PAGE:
Tailgate, speed or swerve: That's a ticket


Staff writer

On a sunny August morning, state trooper Jim Correll set out in his unmarked car with a cup of coffee to stealthily patrol the freeways for aggressive drivers.

Correll is part of the Washington State Patrol’s aggressive-driver apprehension team, whose mission is to pull over people who tailgate, speed, swerve through traffic and basically wreak havoc on the freeways and other drivers’ nerves.

Because Correll works in the commercial vehicle division of the State Patrol, his primary responsibility is to look for truckers who drive aggressively and for passenger car drivers who cut off semis.

Called Step Up and Ride, the commercial vehicle program has received support from truckers.

“We’re strongly behind it,” said Jim Tutton, vice president of the Washington Trucking Associations, headquartered in Federal Way. “We’re participating with them. It’s a great program.”

Correll said he issues up to a dozen tickets a day for aggressive driving between passenger cars, and between five and eight tickets a day for aggressive driving against or involving commercial vehicles.

Because it’s an active campaign, troopers are unlikely to cut aggressive drivers any slack, and the tickets are steep.

Aggressive driving usually includes two or more moving violations, like speeding, improper lane changes, driving on the shoulders or in car-pool lanes, and not signalling.

Correll said aggressive driving is generally worse on the east side, where lines of commuters get tangled in Interstates 90 and 405 and State Route 520. Still, he recently ticketed several drivers near the junctions of Interstate 5 and State Route 18 in south King County.

Tractor-trailers are slow to start, heavy and long. Other drivers frequently accelerate alongside semis and cut in front so they don’t have to travel the larger truck. Correll said drivers frequently will cut in front of semis to get to an off-ramp because they don’t want to drive more slowly behind the semi as they approach their exit.

But because they’re so tall, there’s a certain angle just over the trucker’s shoulder where he or she can’t see other cars, and semis need a lot more room to stop once something appears in front of them.

A tractor-trailer driving 60 miles per hour will need between 350 and 400 feet to stop from the time the driver sees a problem ahead and reacts, and even that depends on the efficiency of the brakes, Correll said.

Tutton said truckers need closer to 1,000 feet to come to a safe stop.

Many truckers leave several hundred feet of space in front of them to give them room to decelerate, but car drivers, especially in crowded urban areas, frequently seize the opportunity to change lanes in front of them.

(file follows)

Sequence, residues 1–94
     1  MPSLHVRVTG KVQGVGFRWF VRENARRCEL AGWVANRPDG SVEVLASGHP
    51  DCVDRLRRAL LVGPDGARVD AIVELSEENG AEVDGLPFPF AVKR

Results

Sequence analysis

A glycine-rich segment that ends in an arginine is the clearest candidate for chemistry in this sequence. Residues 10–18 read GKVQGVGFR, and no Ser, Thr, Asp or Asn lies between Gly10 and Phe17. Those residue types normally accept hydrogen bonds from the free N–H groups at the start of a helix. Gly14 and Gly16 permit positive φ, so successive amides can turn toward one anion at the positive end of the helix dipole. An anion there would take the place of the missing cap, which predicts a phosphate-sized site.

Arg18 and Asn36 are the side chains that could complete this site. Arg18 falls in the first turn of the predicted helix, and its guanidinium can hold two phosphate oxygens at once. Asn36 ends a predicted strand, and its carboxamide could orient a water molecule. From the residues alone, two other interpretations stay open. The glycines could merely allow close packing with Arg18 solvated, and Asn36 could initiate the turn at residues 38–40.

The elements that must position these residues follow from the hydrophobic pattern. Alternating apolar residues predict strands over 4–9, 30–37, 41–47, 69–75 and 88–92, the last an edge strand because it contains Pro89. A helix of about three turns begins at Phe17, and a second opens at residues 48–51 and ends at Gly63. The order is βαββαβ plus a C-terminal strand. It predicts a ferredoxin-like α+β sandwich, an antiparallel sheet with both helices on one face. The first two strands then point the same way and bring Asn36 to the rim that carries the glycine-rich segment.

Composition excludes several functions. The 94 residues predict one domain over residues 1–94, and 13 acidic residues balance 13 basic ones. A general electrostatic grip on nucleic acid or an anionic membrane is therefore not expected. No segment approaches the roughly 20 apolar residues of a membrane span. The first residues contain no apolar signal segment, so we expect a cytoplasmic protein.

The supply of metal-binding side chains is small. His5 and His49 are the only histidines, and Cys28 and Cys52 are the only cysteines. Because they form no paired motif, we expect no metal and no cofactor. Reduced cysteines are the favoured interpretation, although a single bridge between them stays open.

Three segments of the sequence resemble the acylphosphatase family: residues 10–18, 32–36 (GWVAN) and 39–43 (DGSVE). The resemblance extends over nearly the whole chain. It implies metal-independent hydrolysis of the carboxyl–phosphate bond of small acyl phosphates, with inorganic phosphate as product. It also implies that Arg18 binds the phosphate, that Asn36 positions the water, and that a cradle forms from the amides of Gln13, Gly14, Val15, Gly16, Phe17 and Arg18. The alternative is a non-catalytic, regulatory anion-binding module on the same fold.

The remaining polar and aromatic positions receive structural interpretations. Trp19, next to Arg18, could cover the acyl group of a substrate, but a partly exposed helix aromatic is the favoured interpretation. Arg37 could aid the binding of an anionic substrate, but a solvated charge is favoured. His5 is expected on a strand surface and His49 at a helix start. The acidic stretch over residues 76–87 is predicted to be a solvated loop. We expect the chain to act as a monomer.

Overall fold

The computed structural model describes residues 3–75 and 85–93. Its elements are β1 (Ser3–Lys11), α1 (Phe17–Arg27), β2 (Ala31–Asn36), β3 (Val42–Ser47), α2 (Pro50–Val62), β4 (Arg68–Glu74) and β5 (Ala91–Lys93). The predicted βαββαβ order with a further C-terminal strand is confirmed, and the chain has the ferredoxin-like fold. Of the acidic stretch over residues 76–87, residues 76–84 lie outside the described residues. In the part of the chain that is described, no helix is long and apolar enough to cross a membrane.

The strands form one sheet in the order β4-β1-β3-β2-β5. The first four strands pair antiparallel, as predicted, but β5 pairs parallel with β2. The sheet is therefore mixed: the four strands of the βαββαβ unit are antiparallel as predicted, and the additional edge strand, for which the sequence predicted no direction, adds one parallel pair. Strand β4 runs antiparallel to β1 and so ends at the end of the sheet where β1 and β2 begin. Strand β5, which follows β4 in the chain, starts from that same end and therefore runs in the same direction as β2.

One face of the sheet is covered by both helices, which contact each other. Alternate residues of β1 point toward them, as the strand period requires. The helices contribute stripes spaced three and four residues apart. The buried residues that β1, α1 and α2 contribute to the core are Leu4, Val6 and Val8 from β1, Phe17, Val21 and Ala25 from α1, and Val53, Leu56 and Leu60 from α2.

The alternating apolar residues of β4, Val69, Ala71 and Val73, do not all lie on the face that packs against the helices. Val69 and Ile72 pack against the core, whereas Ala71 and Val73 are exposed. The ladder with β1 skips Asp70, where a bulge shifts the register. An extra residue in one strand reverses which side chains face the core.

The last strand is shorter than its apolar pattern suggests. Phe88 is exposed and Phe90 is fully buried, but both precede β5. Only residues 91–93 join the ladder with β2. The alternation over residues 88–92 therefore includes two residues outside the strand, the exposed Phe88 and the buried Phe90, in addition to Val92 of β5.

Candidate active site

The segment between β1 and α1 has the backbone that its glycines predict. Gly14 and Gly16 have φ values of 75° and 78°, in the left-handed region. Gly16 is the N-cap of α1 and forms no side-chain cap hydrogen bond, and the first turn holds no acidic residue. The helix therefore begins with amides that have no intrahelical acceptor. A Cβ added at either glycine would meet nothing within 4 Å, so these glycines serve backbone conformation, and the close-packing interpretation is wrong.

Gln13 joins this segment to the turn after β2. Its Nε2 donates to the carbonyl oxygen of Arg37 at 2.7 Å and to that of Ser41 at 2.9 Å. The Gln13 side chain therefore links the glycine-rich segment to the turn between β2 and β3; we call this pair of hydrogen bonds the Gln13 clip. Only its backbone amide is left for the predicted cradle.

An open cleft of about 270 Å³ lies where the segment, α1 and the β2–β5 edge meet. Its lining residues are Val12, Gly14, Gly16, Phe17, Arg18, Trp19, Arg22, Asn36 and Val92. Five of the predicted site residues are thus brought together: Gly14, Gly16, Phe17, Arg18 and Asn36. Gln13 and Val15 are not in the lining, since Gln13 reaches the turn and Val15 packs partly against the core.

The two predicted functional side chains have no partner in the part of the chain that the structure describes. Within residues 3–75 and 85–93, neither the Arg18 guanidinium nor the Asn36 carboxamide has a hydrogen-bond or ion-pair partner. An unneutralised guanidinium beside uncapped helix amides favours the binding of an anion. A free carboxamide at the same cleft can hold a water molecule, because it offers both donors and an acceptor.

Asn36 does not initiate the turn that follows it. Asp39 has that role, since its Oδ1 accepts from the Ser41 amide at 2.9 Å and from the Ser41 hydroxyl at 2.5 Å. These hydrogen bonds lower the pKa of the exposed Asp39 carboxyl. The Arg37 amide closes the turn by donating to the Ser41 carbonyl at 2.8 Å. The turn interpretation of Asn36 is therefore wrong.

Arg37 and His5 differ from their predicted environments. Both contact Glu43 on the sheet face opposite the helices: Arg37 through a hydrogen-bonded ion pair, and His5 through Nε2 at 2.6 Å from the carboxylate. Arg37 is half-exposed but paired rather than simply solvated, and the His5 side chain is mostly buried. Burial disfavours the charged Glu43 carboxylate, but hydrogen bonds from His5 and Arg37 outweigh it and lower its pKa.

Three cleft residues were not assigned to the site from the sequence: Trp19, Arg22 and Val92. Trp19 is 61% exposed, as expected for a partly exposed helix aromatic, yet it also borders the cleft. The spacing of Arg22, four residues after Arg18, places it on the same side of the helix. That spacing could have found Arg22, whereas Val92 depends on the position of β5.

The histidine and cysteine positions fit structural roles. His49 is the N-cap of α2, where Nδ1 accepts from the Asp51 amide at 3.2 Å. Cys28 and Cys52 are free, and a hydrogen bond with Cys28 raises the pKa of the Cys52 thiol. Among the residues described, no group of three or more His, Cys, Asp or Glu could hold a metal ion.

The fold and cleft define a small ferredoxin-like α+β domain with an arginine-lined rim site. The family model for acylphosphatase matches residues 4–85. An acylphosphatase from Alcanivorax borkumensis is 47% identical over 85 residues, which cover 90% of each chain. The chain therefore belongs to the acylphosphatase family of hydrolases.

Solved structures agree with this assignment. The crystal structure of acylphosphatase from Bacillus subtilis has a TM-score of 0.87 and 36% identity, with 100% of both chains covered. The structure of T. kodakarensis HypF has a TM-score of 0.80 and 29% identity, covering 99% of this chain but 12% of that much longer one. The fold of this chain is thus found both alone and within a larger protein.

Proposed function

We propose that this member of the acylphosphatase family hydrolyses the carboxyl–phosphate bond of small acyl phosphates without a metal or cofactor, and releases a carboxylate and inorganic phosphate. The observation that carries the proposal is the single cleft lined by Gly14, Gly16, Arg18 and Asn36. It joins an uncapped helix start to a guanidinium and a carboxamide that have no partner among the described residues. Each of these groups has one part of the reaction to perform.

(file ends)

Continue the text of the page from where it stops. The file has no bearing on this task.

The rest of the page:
“The truckers’ frustration is they leave plenty of space and people keep cutting them off,” Correll said.

“They just don’t understand. It’s not like an automobile,” Tutton said. “That 18-wheeler just can’t stop as quick.”

While 2002 data shows fatality collisions between passenger cars and semis were down for the fourth year in a row, 76 percent of those that occurred were caused by the drivers in the smaller vehicles.

There were 56 fatal collisions in 2001 and 50 fatal collisions in 2002. Data for 2003 hasn’t yet been released.

While Correll’s primary focus is passenger cars cutting off semis, there are times when he’ll train his radar on a car that’s driving aggressively against everyone.

As cars cruised between 65 and 70 miles per hour on Interstate 90 one day last month, a female driver in a white sedan accelerated down the ramp onto the freeway and gunned it over three lanes of traffic to jump past slower moving cars.

The driver tailgated another car past a couple slower-moving vehicles and then cut in front of another vehicle back to the second lane. Brake lights lit up in her wake as she sped toward the next exit.

Correll, driving the unmarked car, fell in behind her, followed her off the exit and pulled her over in Bellevue, where he wrote her a ticket for negligent driving. While she wasn’t specifically cutting off semis, her driving was bad enough that he stopped her anyway.

The driver started to cry as Correll tore her $538 ticket off the pad, handed it to her through the window and strode back to his unmarked car.

“It gets people’s attention,” he said.

Staff writer Erica Hall: 925-5565,

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